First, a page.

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COVID-19: Food prices hit 15.03% high in 2 years

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Tomatoes on display at Olomore market, Abeokuta, Ogun State. PHOTO: FEMI ADEBESIN-KUTI

• Transportation, Dearth Of Farm Hands Is Responsible —Daramola
• We Should Buckle Up For More Inflation —Adesola
• Lagos Master Bakers Threaten 60% Bread Price Increase

For the first time in two years, food prices hit 15.03 per cent in April, the highest since March 2018. The upsurge was largely driven by the coronavirus pandemic crisis, triggering hike in inflation.

The Guardian reliably gathered that the inflation was hastened by rise in food prices.

According to its May report, the National Bureau of Statistics (NBS) reports that Nigeria’s annual inflation rate rose to 12.34 per cent in April, from 12.26 per cent recorded in the previous month.

The calculation of the statistical office showed that the lockdown of Abuja, Lagos and Ogun States for almost two months to contain the COVID-19 pandemic largely impacted the rise in food prices.

Within that period, consumer prices rose 1.02 per cent, picking up from the 0.84 per cent increase seen in March, according to FocusEconomics report.

To say that the food sector is greatly feeling the impact of COVID-19 is to say the least, as The Guardian checks revealed that the sector experiences severe impact of the disease on each stage of the value chain.

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As earlier predicted by stakeholders that a prolonged outbreak of the pandemic would lead to economic instability and inflation, Nigerians are already feeling pains of high cost of food.

For now, 50kg bag of rice (premium Local) which sold for N18, 000 is now N21, 000; a paint bucket of Garri, that went for N300 and N350 is now N1, 300; a kilogram of chicken previously sold at N1, 100 is now N1, 500/kg; 50kg basket of tomato initially sold for between N4, 000 to N5, 000, currently sells for between N13, 000 to N15, 000; medium sized tuber of yam sold for N500 now N1, 200; 25 litres keg of palm oil from N9, 000 to N11, 000. This cuts across almost all categories of produce.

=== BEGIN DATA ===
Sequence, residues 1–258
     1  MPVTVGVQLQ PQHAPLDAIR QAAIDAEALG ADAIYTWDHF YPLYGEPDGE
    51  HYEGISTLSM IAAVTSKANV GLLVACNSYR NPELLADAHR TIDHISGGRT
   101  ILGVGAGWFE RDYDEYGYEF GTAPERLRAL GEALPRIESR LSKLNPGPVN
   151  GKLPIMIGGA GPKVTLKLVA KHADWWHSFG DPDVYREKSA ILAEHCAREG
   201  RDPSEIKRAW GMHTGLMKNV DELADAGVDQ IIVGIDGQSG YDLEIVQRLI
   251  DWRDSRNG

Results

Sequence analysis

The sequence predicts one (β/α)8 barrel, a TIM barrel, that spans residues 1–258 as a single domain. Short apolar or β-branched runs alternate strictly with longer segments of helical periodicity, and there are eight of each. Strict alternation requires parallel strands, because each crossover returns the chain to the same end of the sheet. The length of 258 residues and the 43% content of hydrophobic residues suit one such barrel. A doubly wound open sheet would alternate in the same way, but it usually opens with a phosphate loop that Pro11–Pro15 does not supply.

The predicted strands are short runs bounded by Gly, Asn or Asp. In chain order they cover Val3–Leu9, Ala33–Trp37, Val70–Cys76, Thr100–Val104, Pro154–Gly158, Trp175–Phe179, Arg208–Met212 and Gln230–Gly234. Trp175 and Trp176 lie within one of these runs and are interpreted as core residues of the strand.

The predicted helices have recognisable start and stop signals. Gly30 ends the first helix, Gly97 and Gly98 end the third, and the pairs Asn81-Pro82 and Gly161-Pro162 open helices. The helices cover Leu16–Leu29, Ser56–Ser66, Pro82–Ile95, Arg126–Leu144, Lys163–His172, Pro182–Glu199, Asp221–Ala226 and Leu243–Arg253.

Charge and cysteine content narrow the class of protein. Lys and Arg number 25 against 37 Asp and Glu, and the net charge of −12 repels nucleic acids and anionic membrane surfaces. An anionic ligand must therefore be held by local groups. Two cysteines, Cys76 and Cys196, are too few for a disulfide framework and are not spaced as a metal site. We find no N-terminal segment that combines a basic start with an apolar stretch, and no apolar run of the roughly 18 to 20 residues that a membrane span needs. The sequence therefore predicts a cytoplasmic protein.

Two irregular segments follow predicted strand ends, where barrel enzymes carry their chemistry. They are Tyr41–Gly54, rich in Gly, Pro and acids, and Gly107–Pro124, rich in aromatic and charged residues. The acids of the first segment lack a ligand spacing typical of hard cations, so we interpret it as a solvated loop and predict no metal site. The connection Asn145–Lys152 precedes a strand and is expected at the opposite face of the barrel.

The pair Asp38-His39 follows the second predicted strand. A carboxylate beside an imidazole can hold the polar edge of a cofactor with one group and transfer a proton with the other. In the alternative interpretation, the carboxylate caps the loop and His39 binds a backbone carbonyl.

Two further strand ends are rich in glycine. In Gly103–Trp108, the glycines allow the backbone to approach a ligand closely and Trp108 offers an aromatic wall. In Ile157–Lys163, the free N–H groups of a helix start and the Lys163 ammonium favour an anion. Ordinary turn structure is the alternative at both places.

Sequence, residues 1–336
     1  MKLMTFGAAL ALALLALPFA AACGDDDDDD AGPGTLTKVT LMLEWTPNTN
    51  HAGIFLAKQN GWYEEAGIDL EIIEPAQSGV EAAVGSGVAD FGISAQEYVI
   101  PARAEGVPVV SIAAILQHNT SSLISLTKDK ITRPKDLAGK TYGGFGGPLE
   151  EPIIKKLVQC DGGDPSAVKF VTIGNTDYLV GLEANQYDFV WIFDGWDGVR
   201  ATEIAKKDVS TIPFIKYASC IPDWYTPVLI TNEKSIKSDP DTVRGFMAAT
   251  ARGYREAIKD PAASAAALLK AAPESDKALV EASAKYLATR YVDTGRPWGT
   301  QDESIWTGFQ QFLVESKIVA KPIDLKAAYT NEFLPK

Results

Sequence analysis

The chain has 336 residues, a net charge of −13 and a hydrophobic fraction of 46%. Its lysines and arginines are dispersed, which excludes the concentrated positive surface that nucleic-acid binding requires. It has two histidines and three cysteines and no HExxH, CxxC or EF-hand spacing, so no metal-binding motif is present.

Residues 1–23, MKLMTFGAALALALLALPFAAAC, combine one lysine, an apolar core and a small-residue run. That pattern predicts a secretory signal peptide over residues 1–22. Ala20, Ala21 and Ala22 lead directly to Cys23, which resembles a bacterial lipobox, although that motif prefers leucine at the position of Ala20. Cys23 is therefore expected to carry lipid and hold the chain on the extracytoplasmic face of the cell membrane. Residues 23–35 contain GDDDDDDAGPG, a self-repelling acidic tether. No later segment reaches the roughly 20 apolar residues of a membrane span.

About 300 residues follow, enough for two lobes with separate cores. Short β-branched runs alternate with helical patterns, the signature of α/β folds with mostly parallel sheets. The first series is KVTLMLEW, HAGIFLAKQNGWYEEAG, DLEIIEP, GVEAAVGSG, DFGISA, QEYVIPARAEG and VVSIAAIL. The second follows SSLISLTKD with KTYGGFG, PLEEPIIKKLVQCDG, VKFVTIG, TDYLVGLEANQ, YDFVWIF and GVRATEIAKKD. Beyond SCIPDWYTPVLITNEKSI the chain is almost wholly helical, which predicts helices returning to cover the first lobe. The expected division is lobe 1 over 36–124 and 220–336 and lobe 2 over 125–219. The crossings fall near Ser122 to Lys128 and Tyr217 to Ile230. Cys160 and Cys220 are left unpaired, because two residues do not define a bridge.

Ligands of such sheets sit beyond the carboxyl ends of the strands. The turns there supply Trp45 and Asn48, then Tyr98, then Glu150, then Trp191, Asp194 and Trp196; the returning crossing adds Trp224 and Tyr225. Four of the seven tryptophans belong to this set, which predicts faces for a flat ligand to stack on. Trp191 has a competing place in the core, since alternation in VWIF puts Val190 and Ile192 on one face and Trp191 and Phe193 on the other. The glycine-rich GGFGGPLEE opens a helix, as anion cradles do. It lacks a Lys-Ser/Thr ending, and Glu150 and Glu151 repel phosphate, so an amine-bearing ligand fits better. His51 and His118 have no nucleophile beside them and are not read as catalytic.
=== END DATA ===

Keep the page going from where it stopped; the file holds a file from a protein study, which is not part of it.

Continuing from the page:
It was learnt that a bag of flour that sold N9, 000 before COVID-19, now goes for N13, 000, while a bag of sugar now costs N24, 000 as against the former price of N13, 000. Butter is now N12, 000 against N7, 500, while a bag of milk, which was N29, 000, now goes for N52, 000.

The Lagos State chapter of Master Bakers and Caterers of Nigeria, a fortnight ago, threatened to increase bread price by 60 per cent if there is no urgent intervention from government to halt the rising prices of baking materials.

They claimed that aside prices of flour, sugar and other materials that have gone up, packaging cost has also increased from N10, 000 to N12, 000, likewise prices of salt, yeast and other baking materials, hitting the rooftop.

Founder of Menitos Farms, Tolulope Daramola, attributed the rising price increase to problem of transportation and dearth of farm hands. “Food prices at the farms are still pretty much at the same price. Some foods have had their prices reduced at the farms due to storage issues. So products price increase is quite relative to how often it is transported before it gets to its destination.

“Another serious issue is that farms are actually stalling operations due to lack of labourers and where available, they come at a high cost. A number of farms are selling out their harvest, but not replanting, this is adding to prices of the produce.”

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Daramola said in a situation when dying from hunger becomes a reality, priorities are shifted. She added that education and healthcare would take the back seat for most citizens, especially when the risk of exposure to COVID-19 is added.

“Unfortunately, I am hearing the budget allocated to these two (Education and healthcare) has also been cut. I foresee prices going higher, so I propose that more people should try their hands at growing basic, even if it’s just for home consumption to checkmate the potential famine.”

To the Co-founder, Farmvilla Resource Centre, Oyo State, Yinka Adesola, food wastage, especially perishable goods due to the period of the lockdown and problem of transportation are largely responsible for the current inflation.

“Currently, there is food scarcity even on the farm. There is no food import from neighbouring countries, it seems they are also badly affected by the food losses. So, the few in circulation will be for the highest bidder.

“We should buckle up for more inflation. The farmers that make those COVID-19 losses may not be able to produce another again due to finance. Food production will be massively reduced, while food price will keep going up.”

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